The pyruvic acid is converted to acetyl-coenzyme A before it enters the Krebs cycle inside the mitochon-drion. Pyruvic acid is then converted to various inter-mediate products in the presence of specific enzymes. As a result, the potential energy in the glucose molecule is released in steps and eventually used to form ATP. (Please refer to more advanced textbooks for details of the Krebs cycle.) Special membrane proteins in the wall of the mitochondrion—electron carriers—form the electron transport chain that helps with ATP for-mation. The net result of glucose entering the Krebs cy-cle is the formation of carbon dioxide (which is trans-ported to the lungs for exhalation), water, and 36 ATP (only Krebs cycle) or 38 ATP (glycolysis Krebs cycle).
C6H12O6 (Glucose)+ 6 O2 (Oxygen)+ 36 ADP or
38 ADP +36 P or 38 P (phosphate group) → 6
CO2 (Carbon dioxide) +6 H2O (Water)+ 36 ATP or 38 ATP
Glycolysis, Krebs cycle, and electron transport chain are sufficient to provide the cell with all the re-quired ATP. Because the Krebs cycle and electron transport chain require oxygen, it is difficult for the cell to perform its functions in the absence of oxygen.
Not all glucose is broken down. Some glucose mol-ecules may undergo anabolism. In cells such as he-patocytes and muscle, glucose is converted to the storage form of glycogen (glycogenesis). When glu-cose is required, glycogen is broken down to glucose (glycogenolysis). When the glucose supply is low, it may be formed by the breakdown of protein and triglycerides in a process known as gluconeogene-sis. Gluconeogenesis is stimulated by cortisol and glucagon.
Because lipids are not water-soluble, they are trans-ported in the blood by combining with protein parti-cles in the blood and are called lipoproteins. Lipoproteins are spherical structures that contain molecules of triglycerides. There are different types of lipoproteins—chylomicron, low-density lipopro-tein (LDL), high-density lipoprotein (HDL), and very-low-density lipoprotein (VLDL). Chylomi-crons are formed in the gut and absorbed through the lymph before entering the veins. On reaching tissue, fatty acid is released from the triglycerides by the ac-tion of the enzyme lipase in tissue. VLDL transport triglycerides from the hepatocytes to the adipose tis-sue for storage. VLDLs are converted to LDL after the triglycerides are removed by adipose tissue.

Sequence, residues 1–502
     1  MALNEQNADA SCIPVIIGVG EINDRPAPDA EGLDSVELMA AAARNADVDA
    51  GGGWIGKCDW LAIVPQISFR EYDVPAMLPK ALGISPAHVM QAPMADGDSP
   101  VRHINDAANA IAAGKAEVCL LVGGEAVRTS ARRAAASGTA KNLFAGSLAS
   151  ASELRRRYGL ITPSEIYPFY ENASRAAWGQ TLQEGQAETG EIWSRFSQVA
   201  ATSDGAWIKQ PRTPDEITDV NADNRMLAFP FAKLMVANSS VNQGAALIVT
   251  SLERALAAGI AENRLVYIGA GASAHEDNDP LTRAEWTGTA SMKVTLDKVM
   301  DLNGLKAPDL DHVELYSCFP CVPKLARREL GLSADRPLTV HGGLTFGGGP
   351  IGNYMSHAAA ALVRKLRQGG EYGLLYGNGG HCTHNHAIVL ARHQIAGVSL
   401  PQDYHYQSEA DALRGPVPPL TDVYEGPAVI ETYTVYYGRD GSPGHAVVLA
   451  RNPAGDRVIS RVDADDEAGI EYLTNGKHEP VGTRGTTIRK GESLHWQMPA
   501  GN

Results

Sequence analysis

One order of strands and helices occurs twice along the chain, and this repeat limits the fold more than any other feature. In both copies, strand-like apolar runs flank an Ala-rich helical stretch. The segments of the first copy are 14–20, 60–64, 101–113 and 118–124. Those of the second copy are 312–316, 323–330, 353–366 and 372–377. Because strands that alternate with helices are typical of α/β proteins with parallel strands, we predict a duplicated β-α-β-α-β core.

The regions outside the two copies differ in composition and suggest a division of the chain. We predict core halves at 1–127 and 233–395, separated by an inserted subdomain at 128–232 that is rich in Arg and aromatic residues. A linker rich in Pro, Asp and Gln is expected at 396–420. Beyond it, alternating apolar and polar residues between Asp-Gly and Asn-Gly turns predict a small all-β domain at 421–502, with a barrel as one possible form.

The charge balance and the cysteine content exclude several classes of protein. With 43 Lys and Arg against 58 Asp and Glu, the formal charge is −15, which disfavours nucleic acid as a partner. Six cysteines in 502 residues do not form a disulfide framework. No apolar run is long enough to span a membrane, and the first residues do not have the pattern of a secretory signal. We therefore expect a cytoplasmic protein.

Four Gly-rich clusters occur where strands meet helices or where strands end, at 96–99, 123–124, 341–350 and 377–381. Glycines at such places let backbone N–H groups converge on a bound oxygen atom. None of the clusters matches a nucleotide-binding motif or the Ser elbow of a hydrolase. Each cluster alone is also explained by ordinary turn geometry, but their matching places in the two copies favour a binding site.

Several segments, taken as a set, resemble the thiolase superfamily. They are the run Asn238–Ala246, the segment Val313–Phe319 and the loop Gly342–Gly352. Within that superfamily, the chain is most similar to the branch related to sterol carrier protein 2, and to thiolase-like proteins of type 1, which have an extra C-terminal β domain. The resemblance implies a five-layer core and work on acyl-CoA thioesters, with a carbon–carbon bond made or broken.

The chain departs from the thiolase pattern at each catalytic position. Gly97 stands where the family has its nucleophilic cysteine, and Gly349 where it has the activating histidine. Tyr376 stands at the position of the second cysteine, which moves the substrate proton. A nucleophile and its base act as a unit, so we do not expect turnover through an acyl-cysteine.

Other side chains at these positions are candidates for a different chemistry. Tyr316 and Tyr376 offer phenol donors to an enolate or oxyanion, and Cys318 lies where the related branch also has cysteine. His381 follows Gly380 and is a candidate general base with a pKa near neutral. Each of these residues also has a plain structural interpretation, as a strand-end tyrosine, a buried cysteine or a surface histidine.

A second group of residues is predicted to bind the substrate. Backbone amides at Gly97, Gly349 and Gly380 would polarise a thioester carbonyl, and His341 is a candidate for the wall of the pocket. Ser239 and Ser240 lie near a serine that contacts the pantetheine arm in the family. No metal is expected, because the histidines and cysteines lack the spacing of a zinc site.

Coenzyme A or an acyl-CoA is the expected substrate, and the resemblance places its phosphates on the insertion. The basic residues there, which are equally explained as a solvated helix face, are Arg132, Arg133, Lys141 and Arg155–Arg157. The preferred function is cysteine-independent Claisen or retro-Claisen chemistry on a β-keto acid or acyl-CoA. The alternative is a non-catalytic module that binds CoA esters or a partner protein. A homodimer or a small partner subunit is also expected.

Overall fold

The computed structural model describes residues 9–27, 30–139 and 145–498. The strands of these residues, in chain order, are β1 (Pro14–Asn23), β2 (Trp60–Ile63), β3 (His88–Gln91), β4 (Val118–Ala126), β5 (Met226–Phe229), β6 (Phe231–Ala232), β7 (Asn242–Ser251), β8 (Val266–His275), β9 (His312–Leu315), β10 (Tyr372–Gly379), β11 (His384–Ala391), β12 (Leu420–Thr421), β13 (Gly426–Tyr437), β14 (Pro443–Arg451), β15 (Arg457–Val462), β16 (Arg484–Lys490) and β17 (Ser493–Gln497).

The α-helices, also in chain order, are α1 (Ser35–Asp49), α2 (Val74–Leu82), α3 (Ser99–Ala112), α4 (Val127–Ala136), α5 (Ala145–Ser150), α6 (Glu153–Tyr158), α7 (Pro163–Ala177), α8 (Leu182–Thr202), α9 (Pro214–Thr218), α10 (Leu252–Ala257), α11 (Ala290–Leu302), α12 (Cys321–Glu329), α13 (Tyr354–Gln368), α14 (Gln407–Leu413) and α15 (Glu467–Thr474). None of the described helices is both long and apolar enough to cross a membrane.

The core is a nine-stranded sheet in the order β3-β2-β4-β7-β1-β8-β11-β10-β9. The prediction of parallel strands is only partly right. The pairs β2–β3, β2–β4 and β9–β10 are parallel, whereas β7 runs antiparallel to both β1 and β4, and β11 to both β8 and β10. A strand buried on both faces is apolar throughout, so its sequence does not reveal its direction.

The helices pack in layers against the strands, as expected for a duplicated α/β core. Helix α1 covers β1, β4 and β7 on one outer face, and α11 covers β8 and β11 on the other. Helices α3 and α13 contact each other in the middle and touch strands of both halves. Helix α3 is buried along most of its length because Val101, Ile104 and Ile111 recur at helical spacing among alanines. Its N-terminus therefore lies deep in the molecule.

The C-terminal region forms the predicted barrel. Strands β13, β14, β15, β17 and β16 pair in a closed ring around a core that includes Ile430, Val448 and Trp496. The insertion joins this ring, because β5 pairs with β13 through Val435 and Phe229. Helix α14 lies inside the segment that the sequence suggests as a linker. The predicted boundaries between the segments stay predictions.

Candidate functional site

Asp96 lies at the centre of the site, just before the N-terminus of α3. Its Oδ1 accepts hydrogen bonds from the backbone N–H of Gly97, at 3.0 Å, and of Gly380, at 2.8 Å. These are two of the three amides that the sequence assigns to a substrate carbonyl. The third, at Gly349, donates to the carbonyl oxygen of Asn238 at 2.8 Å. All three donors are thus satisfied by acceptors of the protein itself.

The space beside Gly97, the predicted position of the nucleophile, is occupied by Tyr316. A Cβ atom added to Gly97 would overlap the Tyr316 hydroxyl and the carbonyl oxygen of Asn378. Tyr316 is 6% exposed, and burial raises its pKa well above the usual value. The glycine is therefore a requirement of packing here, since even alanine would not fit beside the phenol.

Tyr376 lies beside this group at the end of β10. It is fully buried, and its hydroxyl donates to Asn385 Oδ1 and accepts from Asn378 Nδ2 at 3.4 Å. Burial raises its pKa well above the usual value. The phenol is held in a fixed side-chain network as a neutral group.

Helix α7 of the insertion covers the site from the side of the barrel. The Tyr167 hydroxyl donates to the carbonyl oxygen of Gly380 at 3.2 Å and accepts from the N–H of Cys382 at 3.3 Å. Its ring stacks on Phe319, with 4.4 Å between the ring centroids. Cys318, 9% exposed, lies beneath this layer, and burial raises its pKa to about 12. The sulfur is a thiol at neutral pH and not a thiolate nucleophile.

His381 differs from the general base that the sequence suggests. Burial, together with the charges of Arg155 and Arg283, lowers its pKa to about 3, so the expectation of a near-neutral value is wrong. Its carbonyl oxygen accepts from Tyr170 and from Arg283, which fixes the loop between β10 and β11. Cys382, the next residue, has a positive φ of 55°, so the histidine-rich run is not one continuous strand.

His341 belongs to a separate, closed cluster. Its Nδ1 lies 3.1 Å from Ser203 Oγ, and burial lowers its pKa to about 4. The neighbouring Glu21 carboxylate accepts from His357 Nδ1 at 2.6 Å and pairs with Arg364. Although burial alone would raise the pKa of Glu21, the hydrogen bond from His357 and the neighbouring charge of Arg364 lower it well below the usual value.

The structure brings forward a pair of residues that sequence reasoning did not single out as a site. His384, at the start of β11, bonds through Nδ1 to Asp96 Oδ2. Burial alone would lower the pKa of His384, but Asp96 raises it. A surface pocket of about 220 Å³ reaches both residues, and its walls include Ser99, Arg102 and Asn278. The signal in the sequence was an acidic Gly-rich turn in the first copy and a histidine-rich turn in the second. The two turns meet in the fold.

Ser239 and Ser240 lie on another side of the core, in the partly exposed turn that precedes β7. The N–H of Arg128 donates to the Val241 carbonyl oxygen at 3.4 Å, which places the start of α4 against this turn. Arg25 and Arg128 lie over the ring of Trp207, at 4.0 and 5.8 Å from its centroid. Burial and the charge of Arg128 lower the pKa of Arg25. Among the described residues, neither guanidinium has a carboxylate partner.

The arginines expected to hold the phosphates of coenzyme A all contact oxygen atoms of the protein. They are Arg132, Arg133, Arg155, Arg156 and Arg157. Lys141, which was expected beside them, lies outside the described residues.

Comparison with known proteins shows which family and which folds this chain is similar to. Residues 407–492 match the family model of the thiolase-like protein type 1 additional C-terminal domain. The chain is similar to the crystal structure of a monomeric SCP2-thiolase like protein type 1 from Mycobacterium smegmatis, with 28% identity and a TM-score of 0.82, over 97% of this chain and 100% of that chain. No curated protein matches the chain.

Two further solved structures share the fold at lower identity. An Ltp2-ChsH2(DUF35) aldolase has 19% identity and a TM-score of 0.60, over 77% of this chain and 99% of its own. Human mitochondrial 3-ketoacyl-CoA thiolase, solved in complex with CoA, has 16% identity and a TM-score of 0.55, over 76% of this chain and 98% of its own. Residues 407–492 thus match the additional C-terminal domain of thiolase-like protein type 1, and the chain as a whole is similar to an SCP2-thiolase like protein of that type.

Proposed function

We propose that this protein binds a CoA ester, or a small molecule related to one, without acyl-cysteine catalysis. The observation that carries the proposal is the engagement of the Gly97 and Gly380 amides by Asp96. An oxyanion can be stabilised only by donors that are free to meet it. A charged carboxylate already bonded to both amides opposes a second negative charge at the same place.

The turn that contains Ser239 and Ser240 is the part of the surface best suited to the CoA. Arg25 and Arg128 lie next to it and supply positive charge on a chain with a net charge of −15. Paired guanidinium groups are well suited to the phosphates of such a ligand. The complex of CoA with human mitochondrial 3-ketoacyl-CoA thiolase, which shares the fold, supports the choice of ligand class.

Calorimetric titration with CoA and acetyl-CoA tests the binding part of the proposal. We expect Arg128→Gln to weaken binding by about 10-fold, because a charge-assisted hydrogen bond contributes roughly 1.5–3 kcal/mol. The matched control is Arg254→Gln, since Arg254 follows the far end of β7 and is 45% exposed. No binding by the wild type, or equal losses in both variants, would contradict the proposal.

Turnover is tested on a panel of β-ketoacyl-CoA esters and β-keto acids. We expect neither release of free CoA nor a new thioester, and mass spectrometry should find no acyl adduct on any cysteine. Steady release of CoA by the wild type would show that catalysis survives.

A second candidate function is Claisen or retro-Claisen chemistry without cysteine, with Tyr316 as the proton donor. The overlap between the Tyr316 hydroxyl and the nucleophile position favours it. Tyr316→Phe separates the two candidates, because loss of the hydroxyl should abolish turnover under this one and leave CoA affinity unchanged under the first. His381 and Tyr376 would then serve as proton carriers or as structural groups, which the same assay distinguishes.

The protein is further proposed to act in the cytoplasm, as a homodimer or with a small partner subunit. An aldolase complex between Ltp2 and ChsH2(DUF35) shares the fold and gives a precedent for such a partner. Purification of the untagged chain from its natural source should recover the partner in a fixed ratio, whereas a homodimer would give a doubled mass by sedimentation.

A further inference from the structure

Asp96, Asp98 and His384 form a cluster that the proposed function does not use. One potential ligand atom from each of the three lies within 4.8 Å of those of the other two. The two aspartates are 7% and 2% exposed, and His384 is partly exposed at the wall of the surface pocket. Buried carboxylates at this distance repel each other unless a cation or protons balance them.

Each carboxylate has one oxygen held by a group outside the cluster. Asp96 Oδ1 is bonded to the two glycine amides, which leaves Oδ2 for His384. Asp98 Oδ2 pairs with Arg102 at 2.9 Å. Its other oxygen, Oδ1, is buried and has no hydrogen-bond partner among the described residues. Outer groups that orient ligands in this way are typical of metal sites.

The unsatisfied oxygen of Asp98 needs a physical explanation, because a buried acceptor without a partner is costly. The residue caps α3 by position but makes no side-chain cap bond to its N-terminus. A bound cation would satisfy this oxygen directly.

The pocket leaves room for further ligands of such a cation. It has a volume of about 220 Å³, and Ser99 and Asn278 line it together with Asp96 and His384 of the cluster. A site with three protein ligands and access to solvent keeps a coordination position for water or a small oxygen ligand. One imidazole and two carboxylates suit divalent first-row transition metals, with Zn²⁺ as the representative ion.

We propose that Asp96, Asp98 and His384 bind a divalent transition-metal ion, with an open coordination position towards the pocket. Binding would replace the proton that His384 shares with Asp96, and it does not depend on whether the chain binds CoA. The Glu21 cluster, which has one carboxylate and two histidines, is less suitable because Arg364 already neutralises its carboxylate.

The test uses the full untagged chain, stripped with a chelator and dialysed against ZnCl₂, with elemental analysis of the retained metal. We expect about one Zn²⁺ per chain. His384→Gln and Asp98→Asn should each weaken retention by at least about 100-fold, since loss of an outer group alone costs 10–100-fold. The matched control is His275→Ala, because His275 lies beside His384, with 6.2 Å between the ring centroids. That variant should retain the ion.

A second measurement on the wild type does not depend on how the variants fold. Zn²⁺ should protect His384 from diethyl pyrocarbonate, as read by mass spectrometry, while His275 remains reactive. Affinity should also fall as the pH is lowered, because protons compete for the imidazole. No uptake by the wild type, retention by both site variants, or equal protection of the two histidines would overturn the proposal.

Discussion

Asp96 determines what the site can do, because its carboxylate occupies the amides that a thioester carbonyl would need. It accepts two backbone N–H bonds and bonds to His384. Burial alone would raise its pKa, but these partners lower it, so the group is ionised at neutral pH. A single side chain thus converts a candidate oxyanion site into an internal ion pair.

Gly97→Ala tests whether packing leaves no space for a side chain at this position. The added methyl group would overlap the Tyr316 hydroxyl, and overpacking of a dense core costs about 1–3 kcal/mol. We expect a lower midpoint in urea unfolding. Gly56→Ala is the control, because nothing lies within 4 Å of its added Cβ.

LDLs transport triglycerides to the tissues for cell membrane repair and synthesis of bile salts and steroid hormones. It carries most of the total choles-terol in blood. If present in large amounts, LDL de-posits in the blood vessels walls to form fatty plaques that predispose individuals to coronary artery dis-ease, thrombus formation, and stroke. That is why LDL is known as “bad” cholesterol.
HDL transports the excess cholesterol from body cells to the liver for elimination. Because they inhibit the accumulation of cholesterol in the blood, they de-crease the risk of plaque formation; hence, HDL is also known as “good” cholesterol.
The lipids absorbed through the gut may be broken down (lipolysis) and converted to ATP; stored in the adipose tissue and liver (lipogenesis); or used to form other products, such as bile salts, lipoproteins, phos-pholipids in cell membrane, steroid hormones, and myelin sheath. When lipolysis occurs, triglycerides are converted to fatty acids and glycerol before form-ing intermediary products that form ATP. During fatty acid catabolism, acetoacetic acid, ß-hydroxybutyric acid, and acetone are formed. These three products, known as ketone bodies, easily diffuse out of the cells and enter the bloodstream. Certain cells, such as cardiac muscle cells and kidney cells, use ketone bod-ies to form ATP.
The proteins absorbed in the gut are in the form of amino acids. They are carried by the portal vein to the liver and other tissue where they may be con-verted to ATP, used to form proteins, or converted to glucose (gluconeogenesis) or triglycerides (lipogene-sis). During protein catabolism, one reaction involves removal of the NH2 group of the amino acid (deami-nation) and formation of ammonia. Ammonia is con-verted to urea in the liver and excreted in the urine. For gluconeogenesis to take place, the different amino acids are converted to various intermediate products that can enter the Krebs cycle.
Amino acids are linked by peptide bonds in spe-cific sequences to form new proteins. This occurs in the ribosomes of cells. The sequence of amino acids to form new proteins is dictated by DNA and RNA. Protein synthesis is stimulated by hormones such as growth hormone, thyroid hormone, insulin, estrogen, testosterone, and insulinlike growth factor.